A Crown of Swords (Volume 7 of The Wheel of Time)
Tor Books 1996 This is the seventh book in the Wheel of Time-series. If you haven't read the six previous books, don't read any further.
After almost two years, he's back. At last, the new and eagerly awaited Wheel of Time book has arrived. Was it worth waiting for? Was it worth buying in hardcover? Was it even good? Will we wait for the eighth book just as eagerly?
Let's start with the last question. Yes, we will be waiting for the next one, too. But not for that long, I hope. After almost two years, I didn't remember that much of what the characters were up to, and a lot of minor characters had completely slipped my mind. Always thinking "Who's that guy?" when someone you should know about is appearing isn't that funny. And there are so many characters that it's hard to keep track of them even if you're reading the books right after each other.
There are so many stories going on. In an ordinary fantasy book, the story about the hunt of the Bowl of the Winds, or maybe even Mat's rendez-vous with the queen of Altara, would be enough. In Mr. Jordan's enormous work - a magnum opus in every sense - they just become sub-plots, not necessarily without importance but still not the really big thing. The bad thing about that is that the story never ends. After 660 pages, it doesn't seem closer to the end. I wouldn't be surprised at all if Mr. Jordan will need another seven books to finish the story. The good thing about it is that the story never ends - that is, we aren't forced to leave Rand and his friends, to whom we over the years have become quite attached.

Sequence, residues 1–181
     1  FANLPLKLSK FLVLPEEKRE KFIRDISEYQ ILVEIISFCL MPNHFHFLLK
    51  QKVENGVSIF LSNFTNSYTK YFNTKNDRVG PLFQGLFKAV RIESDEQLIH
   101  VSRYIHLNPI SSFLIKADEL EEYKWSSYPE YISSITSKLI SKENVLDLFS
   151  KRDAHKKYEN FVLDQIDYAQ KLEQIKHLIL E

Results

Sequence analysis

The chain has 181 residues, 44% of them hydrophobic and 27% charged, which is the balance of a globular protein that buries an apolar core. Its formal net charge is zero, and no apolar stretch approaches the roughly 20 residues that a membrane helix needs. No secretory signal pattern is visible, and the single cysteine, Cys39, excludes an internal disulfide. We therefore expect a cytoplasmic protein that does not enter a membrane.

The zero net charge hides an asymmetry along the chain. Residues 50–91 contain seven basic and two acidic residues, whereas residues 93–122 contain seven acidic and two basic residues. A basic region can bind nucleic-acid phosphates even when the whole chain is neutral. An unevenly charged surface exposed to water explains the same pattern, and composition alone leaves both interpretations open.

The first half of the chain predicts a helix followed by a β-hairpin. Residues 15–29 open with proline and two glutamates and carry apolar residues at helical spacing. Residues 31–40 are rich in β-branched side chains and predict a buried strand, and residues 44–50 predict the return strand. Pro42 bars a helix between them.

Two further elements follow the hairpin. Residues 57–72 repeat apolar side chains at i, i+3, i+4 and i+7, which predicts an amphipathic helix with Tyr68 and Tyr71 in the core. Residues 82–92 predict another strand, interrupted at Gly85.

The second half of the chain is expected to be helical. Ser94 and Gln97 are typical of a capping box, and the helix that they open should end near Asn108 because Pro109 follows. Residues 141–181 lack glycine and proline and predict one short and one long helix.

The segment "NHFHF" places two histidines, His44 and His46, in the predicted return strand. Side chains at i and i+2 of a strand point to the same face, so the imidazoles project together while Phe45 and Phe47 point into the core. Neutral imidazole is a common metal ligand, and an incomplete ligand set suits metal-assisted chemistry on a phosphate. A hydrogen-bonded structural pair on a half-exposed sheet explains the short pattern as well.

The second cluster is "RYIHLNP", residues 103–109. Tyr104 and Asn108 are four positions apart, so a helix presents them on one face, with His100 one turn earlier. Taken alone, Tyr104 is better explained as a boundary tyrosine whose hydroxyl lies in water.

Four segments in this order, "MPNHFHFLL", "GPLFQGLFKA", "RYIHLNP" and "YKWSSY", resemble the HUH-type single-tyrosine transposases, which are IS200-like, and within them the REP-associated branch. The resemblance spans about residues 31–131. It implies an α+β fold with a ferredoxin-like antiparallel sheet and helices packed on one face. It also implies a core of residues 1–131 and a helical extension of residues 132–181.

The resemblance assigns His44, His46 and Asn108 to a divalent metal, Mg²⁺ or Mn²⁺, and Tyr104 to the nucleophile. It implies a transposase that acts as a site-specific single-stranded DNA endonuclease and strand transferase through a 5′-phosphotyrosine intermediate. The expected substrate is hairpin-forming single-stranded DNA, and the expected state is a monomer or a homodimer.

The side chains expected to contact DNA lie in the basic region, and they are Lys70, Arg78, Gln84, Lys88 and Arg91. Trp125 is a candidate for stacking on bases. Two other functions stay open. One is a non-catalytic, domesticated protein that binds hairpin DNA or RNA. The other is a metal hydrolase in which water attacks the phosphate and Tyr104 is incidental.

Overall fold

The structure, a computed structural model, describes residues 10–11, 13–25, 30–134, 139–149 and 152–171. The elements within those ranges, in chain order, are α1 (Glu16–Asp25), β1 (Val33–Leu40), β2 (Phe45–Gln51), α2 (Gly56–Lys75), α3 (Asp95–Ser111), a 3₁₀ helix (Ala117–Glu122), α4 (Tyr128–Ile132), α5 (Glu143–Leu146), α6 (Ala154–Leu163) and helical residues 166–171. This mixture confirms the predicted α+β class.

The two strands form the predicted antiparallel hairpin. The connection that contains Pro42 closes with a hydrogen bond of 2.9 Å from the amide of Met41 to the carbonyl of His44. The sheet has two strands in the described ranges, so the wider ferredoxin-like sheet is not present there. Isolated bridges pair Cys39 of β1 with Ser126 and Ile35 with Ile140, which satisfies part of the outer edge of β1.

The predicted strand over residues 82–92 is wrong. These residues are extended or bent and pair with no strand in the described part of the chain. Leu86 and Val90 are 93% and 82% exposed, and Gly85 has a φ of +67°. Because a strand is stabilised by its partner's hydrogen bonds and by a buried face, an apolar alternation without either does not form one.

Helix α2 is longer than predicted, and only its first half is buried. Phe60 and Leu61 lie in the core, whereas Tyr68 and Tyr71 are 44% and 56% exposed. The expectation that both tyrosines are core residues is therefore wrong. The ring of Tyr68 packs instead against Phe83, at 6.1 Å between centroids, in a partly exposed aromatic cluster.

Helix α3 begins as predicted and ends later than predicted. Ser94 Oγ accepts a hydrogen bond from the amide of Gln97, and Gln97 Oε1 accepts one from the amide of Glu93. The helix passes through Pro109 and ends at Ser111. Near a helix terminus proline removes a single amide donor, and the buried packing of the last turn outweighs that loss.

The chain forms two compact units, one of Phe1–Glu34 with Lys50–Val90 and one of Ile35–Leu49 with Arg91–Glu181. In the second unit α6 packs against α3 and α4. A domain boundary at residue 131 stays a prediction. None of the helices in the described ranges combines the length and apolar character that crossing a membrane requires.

In my opinion, "A Crown of Swords" wasn't as good as the earlier books. Without any supernatural strength of will, I was able to leave the book for a couple of days after reading 200 pages. That has never happened to me before when reading a Wheel of Time-novel. Maybe it was harder to get into it this time because of the long time since "Lord of Chaos", or maybe it is the ever increasing amount of sub-plots that makes it less easy to become totally involved in the doings of Rand & Co. Or maybe this one just wasn't as good as the previous. Anyway, the second half, when I really had gotten into the story once again, was just as good as usual.
Which is: great story-telling, a truly unique world and loads of memorable characters, good and evil. But also a world that is not quite realistic, especially not the linguistics. Where new major improvements are added after almost 5,000 pages, things the author obviously hadn't thought about in the beginning of the series. And where the characters while becoming easily recognizable also become quite predictable - much more predictable than most real people, I think. It is a great series, this is a good book, but it is not the perfect fantasy book or the ultimate fantasy series. But while waiting for those, I can recommend you to read what probably will become the world's longest fantasy novel ever. It's great.
See also Fantasy Finder's guest book: 960523, 960726, 961230, 970202, 970217, 970312, 970313, 970323, 970412, 970413, 970428 , 970526, 970529, 970722.
Books by the same author:
The Eye of the World
The Great Hunt
The Dragon Reborn
The Shadow Rising
The Fires of Heaven
Lord of Chaos
The Waygate (Wheel of Time fan page)
© Henriksson & Henriksson 1996.